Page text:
Making choices that engage my brain, body and heart to serve others. Speaking less, listening and doing more. Being kind and empathetic.
Now that my schedule is more open and available than it’s ever been, I have more time to be active and participatory. The baby and I volunteer in my son’s classroom a couple times each month, and I take home projects to help out his teachers. We’re looking into family service projects around our city.
My husband has set up recurring gifts to several organizations. It’s an easy way to financially support causes we believe in without the need to remember to pull out the checkbook. We find we’re more interested in the growth and activity of these organizations after we make an investment in their missions. We can serve more people in our communities by supporting organizations who already have their boots on the ground.
Because my time is precious, I’m not setting a specific book or exercise goal, but I realize the incredible value of continuing education and physical activity. I can learn about people unlike me and grow in understanding and empathy. I can build up strength to use my body for laborious work. For these reasons, I will intentionally stay active in 2019.
Making choices that reflect my desires. Allowing myself to be vulnerable and teachable.
While trying to maintain a Perfect Mom image during my son’s infancy, I wasn’t being authentic. I’ve learned better the second time around, but there are still times where I catch myself in comparison to another mom. We’re so critical of ourselves and others.
Being authentic is the hardest of the three intentional behaviors for me to firmly establish. I am still learning to sift through unsolicited advice, standing firm and avoiding guilt or insecurity about our choices. We have a clear vision, so you’d think it wouldn’t be that hard to follow the path, right?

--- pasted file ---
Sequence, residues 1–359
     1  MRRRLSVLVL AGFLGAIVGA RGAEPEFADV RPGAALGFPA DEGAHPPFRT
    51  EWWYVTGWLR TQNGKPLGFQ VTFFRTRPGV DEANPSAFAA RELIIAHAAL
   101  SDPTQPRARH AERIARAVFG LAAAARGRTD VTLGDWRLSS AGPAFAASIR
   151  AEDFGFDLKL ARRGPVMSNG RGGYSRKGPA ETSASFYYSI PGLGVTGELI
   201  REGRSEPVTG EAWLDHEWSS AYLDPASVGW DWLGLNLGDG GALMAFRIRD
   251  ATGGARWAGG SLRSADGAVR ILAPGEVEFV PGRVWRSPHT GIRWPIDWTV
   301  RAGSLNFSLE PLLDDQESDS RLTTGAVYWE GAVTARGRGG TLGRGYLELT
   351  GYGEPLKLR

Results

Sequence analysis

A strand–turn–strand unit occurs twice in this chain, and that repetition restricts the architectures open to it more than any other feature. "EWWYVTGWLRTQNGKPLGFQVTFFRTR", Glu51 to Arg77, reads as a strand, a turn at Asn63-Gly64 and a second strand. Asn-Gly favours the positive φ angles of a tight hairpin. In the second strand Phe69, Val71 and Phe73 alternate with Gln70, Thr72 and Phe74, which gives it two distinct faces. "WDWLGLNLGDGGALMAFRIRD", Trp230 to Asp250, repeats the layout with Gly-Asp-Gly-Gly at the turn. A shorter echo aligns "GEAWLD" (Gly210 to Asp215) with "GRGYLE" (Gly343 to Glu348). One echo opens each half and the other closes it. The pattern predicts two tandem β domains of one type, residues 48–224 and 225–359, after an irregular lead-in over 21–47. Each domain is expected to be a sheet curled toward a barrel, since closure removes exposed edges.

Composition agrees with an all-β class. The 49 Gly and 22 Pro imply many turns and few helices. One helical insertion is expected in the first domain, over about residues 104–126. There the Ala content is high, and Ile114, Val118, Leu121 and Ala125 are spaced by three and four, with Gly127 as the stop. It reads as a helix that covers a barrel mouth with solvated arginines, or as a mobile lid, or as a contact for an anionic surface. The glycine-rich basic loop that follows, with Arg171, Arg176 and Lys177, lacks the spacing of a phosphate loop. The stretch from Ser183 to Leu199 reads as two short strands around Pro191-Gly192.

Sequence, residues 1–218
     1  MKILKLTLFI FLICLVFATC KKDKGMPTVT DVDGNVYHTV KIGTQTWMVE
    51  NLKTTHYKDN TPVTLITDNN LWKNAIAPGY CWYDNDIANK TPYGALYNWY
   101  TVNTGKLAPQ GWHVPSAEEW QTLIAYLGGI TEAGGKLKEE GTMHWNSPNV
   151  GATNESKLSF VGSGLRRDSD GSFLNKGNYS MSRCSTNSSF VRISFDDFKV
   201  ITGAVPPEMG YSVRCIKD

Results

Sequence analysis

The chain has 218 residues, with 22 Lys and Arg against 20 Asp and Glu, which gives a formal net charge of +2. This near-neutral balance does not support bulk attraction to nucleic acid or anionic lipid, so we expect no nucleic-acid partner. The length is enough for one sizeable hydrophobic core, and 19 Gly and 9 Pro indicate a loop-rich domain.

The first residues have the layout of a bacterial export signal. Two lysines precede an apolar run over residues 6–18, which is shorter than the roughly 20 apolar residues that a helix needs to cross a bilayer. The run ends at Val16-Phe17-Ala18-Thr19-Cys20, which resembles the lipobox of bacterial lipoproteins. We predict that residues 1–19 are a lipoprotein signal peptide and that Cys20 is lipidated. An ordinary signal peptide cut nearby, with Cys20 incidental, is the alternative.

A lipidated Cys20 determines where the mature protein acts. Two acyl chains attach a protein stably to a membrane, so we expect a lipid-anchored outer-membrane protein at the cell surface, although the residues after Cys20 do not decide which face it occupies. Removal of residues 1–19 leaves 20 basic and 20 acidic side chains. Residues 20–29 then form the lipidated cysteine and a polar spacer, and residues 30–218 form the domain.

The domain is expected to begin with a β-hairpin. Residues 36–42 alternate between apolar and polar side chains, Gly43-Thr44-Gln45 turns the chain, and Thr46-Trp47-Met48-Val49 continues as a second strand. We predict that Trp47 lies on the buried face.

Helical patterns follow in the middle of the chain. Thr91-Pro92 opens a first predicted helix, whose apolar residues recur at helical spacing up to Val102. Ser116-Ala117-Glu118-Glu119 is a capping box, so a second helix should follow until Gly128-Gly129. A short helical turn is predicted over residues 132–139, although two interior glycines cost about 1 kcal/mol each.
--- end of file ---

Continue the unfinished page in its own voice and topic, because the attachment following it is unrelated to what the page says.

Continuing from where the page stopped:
Turns out being transparent and vulnerable with others establishes respect and trust you wouldn’t believe. While sticking with my gut is important, I also want to avoid being stingy enough to shut out opportunities for maturity and understanding. There is much to learn and do.
While I’ve only had a few months’ practice in intentionally adapting these behaviors, I feel like I have more purpose in life. It’s fulfilling and redeeming enough to carry them with me into 2019. Not claiming to be perfect, it’s a daily choice and adjustment, and we don’t get it right every time. But I’ve learned not to dwell on shortcomings and to dust off my pants and try again. For me, it’s much easier to maintain behaviors than a dedicated, cut-and-dry resolution.
I encourage you to adopt an intentional behavior – or, if you’re already doing so, call it out and stick with it – if you haven’t yet made a New Year Resolution. Perhaps it’s living generously, and you want to explore donation (milk or financial) or volunteer options to The Milk Bank or another organization. Perhaps it’s accepting help, and you are interested in lactation support or acquiring breastmilk for your baby.
Don’t feel guilty if you don’t lose 10 pounds or finish a project right away. You know yourself and your family better than anyone else. Sure, not every day will be peaches and rainbows, but your intentional behaviors can shape 2019 into a positive and healthy year. You’ve got this!
Leah Shattuck joined the staff in November 2018 as Social Media & Public Awareness Coordinator for The Milk Bank. She and her husband have a son in first grade, an infant daughter, a 13-year-old Italian Greyhound and a 9-year-old lab-pit mutt. Contact her at email@example.com.